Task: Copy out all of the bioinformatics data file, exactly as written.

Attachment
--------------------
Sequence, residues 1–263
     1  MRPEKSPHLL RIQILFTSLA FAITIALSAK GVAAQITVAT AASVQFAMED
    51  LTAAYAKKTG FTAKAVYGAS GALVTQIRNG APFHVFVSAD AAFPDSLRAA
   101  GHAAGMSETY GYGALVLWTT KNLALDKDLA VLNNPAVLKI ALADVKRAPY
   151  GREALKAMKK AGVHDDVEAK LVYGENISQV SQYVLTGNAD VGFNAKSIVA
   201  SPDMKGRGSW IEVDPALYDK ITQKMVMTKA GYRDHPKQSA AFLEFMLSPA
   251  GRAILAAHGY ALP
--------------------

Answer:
Sequence, residues 1–263
     1  MRPEKSPHLL RIQILFTSLA FAITIALSAK GVAAQITVAT AASVQFAMED
    51  LTAAYAKKTG FTAKAVYGAS GALVTQIRNG APFHVFVSAD AAFPDSLRAA
   101  GHAAGMSETY GYGALVLWTT KNLALDKDLA VLNNPAVLKI ALADVKRAPY
   151  GREALKAMKK AGVHDDVEAK LVYGENISQV SQYVLTGNAD VGFNAKSIVA
   201  SPDMKGRGSW IEVDPALYDK ITQKMVMTKA GYRDHPKQSA AFLEFMLSPA
   251  GRAILAAHGY ALP